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Stem Cells Repair Paralysis in Spinal Injury Rats

Stem cells placed in rat spinal cord can partially restore function provided a drug is given to overcome anti-repair factors intrinsic to the cord and nerves, report researchers led by Douglas Kerr, M.D., Ph.D., at Johns Hopkins University.

As published in the Annals of Neurology, stem cells prompted to become motor neurons could form functioning connections with target muscles. The rats had been given a viral infection that specifically killed their own motor neurons and as a result were paralyzed.

“This research is the first to show that specific electrical circuits in the nervous system can be recreated and may be the first step toward a treatment for patients with ALS,” said Kerr, though he cautions that such a therapy is “many years away.”

The strategy used a two pronged approach. One part was to encourage growth of the nerve fibers toward muscle. This was carried out by providing the helper molecule called glial cell derived neurotrophic factor (GDNF).

The other part of the strategy was to dampen the effect of processes present in the nerve sheaths that deflect growing nerve fibers. One is an enzyme called phosphodiesterase, and the investigators used an existing drug to counter it.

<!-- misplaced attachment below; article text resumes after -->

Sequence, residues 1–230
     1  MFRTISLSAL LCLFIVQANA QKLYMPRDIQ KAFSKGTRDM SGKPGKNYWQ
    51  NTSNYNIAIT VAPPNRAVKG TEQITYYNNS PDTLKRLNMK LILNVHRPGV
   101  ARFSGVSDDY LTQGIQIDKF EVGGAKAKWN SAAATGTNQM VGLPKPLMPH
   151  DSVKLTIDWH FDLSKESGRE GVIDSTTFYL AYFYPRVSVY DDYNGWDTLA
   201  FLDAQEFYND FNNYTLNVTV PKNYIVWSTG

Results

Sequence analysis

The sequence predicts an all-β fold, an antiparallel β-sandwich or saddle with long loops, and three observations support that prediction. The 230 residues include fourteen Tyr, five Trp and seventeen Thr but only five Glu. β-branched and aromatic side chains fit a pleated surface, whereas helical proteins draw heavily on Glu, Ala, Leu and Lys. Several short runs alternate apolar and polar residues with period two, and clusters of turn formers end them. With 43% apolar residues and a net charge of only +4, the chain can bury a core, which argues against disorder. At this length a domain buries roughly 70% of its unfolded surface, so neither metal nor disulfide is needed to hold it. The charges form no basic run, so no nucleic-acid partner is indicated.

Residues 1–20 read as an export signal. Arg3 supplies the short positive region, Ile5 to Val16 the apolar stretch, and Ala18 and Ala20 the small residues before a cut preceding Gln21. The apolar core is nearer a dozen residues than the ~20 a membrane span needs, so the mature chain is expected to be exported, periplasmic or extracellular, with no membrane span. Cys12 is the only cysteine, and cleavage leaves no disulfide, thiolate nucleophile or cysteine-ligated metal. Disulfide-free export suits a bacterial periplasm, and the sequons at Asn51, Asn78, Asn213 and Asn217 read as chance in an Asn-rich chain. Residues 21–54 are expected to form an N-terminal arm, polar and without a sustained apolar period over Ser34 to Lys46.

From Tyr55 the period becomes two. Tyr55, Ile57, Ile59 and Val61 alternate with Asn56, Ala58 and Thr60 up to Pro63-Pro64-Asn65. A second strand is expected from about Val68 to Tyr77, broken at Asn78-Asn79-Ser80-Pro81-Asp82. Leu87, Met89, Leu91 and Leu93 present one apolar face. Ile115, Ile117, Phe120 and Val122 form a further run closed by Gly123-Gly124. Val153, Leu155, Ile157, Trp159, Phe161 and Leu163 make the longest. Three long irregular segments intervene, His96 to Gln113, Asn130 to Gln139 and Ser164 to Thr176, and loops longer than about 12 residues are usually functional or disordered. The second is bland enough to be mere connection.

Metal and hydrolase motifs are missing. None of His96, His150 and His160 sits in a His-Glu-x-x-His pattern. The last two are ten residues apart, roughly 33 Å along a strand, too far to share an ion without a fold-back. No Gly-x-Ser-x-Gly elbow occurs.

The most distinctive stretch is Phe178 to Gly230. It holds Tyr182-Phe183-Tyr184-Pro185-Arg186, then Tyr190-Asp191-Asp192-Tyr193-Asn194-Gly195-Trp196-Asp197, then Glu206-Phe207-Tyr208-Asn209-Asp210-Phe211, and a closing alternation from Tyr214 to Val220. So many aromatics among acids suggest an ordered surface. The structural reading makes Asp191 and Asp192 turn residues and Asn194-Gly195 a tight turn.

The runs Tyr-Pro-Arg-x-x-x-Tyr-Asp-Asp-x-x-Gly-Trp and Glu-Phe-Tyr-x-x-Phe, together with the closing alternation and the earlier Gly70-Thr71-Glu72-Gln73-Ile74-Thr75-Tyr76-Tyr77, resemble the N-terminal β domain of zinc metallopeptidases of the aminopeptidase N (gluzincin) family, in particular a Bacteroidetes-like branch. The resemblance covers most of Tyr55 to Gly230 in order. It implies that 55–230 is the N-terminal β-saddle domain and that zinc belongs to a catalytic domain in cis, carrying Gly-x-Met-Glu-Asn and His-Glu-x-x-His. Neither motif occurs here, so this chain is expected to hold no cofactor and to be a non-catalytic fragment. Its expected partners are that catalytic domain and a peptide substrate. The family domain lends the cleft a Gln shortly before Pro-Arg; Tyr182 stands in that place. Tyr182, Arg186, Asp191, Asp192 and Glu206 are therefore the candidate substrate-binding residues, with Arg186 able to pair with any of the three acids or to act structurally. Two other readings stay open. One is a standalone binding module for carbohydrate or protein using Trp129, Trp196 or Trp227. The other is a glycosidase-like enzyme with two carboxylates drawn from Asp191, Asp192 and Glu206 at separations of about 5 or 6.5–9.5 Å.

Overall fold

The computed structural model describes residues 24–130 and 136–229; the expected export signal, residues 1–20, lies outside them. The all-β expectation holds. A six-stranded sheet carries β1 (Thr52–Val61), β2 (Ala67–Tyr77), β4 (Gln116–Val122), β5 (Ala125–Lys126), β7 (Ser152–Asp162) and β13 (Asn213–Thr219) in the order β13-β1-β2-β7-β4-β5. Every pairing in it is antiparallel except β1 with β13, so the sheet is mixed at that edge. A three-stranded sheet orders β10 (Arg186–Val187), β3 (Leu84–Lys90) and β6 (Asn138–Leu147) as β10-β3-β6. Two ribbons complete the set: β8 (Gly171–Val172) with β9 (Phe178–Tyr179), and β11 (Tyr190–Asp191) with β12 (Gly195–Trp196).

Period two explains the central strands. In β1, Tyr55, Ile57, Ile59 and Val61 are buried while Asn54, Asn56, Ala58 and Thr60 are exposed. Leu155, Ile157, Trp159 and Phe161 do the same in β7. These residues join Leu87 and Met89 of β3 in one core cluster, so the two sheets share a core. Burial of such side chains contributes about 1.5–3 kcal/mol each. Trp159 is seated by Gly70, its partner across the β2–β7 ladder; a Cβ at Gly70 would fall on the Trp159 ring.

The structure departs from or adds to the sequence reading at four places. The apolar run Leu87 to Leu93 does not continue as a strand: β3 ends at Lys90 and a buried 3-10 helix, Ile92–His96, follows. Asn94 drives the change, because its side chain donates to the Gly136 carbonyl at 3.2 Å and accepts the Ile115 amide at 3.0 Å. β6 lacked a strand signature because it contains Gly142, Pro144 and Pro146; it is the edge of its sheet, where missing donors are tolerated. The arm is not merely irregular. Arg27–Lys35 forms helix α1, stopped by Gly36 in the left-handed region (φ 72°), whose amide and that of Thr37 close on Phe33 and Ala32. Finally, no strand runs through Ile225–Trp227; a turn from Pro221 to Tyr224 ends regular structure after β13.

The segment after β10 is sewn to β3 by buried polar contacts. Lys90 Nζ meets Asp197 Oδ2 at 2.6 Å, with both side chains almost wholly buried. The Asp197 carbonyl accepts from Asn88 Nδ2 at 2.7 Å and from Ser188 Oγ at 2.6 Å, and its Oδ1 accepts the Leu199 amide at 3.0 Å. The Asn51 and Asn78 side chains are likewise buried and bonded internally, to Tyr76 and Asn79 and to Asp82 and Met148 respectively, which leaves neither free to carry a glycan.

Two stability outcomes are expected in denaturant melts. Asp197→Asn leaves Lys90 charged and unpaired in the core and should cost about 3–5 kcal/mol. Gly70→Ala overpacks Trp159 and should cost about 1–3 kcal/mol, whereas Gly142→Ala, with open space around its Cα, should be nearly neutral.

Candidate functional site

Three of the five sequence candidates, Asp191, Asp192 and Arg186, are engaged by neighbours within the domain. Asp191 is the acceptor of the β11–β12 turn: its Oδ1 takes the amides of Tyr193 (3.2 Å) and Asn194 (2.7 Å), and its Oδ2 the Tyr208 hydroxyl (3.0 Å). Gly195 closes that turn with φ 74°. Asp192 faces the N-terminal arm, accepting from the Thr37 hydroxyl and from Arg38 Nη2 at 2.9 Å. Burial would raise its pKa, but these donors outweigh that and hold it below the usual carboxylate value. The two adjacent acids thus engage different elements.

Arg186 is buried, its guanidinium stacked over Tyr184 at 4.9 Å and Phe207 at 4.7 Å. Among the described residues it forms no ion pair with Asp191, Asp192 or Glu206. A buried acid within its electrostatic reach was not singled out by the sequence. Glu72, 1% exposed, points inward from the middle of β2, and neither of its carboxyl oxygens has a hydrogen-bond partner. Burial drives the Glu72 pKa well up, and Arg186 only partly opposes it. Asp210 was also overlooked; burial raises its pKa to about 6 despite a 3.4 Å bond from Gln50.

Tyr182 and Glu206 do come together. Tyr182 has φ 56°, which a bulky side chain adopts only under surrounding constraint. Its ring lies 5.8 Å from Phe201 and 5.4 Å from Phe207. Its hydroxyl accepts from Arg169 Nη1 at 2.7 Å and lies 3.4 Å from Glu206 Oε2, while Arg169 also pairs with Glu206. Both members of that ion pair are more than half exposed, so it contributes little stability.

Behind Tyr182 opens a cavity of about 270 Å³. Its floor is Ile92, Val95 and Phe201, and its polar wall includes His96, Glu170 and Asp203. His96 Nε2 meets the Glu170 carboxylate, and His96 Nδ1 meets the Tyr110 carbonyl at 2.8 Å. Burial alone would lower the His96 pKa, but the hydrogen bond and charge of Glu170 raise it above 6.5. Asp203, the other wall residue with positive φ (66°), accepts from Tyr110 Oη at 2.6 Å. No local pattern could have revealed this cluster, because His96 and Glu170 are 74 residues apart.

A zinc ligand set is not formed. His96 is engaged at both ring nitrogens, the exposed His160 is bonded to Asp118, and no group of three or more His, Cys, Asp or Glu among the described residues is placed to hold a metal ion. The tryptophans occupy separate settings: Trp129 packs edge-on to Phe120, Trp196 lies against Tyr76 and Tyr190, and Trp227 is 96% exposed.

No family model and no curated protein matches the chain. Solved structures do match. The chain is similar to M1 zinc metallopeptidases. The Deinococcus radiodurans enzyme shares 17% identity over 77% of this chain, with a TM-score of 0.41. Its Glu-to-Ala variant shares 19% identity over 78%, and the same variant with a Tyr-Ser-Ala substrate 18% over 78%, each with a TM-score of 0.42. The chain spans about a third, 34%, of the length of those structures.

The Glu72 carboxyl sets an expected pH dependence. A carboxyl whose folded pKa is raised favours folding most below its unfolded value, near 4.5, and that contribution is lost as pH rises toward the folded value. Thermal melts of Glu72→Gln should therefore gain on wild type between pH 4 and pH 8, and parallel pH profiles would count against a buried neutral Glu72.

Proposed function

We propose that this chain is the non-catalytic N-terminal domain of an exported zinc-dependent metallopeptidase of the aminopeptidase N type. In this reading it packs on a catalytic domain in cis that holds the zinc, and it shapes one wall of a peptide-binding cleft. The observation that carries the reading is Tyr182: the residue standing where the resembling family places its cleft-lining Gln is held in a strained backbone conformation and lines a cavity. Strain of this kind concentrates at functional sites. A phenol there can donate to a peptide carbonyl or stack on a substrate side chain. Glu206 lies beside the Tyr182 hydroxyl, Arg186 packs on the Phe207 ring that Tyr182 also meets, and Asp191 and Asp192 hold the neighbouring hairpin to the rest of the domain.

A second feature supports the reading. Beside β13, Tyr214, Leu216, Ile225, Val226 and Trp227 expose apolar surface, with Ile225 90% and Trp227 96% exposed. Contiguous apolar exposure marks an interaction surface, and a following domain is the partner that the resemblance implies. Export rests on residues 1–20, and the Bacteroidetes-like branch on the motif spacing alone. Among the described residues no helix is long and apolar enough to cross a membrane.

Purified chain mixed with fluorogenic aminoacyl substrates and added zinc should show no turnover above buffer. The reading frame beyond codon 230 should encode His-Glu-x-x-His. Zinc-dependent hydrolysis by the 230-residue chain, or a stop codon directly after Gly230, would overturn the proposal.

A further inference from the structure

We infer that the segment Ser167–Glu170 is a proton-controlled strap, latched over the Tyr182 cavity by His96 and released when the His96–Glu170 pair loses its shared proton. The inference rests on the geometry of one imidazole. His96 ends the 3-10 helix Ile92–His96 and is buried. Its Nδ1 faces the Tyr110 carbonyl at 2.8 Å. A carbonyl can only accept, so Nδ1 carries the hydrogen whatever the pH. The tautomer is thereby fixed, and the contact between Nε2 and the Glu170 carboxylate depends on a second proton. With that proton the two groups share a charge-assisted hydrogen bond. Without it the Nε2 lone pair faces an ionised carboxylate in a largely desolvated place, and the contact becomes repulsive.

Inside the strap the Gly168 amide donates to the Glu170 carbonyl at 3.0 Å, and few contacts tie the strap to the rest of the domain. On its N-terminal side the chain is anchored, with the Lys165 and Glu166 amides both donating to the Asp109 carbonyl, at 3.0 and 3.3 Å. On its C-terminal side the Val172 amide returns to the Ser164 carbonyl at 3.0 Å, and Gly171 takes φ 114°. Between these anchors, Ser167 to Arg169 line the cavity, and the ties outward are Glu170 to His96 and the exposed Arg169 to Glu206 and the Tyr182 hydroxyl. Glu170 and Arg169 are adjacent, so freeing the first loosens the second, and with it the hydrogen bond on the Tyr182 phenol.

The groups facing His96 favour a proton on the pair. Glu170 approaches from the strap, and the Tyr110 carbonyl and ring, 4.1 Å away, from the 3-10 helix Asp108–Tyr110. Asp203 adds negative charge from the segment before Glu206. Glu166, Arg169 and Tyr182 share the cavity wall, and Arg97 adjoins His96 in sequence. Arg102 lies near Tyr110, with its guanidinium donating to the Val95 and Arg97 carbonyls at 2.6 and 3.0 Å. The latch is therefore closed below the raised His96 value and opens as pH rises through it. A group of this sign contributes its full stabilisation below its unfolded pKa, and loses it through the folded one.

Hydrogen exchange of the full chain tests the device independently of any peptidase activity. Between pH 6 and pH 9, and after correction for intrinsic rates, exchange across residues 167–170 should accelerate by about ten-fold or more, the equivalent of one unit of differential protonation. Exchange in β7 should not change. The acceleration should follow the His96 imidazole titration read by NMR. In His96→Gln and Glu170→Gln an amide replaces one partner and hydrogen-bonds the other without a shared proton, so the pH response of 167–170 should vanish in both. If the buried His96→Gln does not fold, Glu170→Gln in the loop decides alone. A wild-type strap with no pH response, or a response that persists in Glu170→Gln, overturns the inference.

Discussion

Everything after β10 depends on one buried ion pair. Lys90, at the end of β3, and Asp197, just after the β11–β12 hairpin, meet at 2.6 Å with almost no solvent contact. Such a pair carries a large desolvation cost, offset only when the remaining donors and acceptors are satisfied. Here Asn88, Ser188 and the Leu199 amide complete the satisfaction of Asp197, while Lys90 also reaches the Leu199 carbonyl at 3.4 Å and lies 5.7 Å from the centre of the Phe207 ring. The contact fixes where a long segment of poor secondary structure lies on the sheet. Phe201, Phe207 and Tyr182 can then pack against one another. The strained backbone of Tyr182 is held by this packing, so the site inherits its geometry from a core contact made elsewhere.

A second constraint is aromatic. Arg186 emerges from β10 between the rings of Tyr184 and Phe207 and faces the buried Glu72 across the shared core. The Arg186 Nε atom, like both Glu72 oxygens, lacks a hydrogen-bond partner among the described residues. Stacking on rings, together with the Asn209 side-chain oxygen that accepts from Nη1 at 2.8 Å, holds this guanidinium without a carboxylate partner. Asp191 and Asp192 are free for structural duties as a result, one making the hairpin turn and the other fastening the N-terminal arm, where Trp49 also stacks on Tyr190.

The stem cells were from mice, and the rats were treated with an anti-rejection drug. A few percent of the 60,000 cells injected survived in the animals, and only a small percent of these reach muscle when the dual strategy is followed.

Yet only a few hundred motor units are present in a functioning adult human muscle, and half of these must be lost to impair function. Therefore, the researchers concluded, the replacement they effected may be about half that required for some diseases including ALS.

As measured by grip strength, video analysis, and estimation of functioning connections between nerve and muscle, only the rats given phosphodiesterase inhibitors and transplanted with GDNF producing cells into the target leg nerve showed recovery of some motor function of the limb and evidence that the transplanted stem cells made functional connections to muscle.

The treatment is complex, but the result shows that a stem cell approach can hold promise for recovery from loss of motor neurons, perhaps also for that loss in ALS.

For more information about stem cell approaches to ALS, please click here.

This project was a joint funding effort by The ALS Association and the The Robert Packard Center for ALS Research at Johns Hopkins University.

Click here for the PubMed article.




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